Test results at Advanced Energy Labs Load %

50 hp


25 50 75 100

STD 88.4 92.3 92.9 92.2

Motor Power Factor

25 50 75 100

0.51 0.72 0.81 0.85

300 hp

RMI 89.6 93.3 94.1 94.0

STD ------95.3

RMI 91.1 94.7 95.7 95.8

0.72 0.89 0.93 0.94

0.65 0.79 0.86 0.88

0.99 1.00 0.99 0.98

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>> Fig. 3: Test results comparing efficiency and power factor of a standard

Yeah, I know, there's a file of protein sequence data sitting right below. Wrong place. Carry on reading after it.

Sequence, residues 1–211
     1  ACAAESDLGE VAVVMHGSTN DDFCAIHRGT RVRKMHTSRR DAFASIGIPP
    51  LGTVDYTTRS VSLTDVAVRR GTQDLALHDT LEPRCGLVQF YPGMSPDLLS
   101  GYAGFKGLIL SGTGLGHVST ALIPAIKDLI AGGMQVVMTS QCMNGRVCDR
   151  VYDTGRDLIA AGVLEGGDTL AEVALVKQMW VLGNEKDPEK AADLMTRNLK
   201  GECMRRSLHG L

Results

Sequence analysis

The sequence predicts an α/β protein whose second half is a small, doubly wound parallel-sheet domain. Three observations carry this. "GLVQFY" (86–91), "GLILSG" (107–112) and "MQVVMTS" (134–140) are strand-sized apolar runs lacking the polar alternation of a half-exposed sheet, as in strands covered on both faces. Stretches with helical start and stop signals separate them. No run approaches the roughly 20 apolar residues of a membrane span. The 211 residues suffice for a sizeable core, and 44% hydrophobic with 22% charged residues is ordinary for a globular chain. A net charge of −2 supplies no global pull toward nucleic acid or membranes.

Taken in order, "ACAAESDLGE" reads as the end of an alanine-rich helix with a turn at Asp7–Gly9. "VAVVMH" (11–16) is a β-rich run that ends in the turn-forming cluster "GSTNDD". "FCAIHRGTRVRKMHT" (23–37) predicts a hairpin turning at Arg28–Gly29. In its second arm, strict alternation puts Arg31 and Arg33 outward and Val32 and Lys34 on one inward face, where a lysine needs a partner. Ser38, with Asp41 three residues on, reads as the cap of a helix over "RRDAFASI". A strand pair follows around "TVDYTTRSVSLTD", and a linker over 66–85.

300-hp motor and RMI’s induction motor.


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Test results for 2-hp induction motor LOAD %

A brief history of motor efficiency standards The most common type of electric motor in terms of energy consumed is the integral horsepower (IHP) three-phase induction motor. Their popularity made

Motor Efficiency

25 50 75 100

2 HP STD RMI 67.7 72.9 75.2 82.0 79.8 84.1 81.9 83.3

Motor Power Factor

25 50 75 100

0.32 0.52 0.65 0.74

0.72 0.87 0.91 0.93

>> Fig. 4: Test results comparing efficie

this motor family a major target for the

DOE’s mandate from Congress starting in

y and power factor of a standard 2-hp motor and RMI’s induction motor.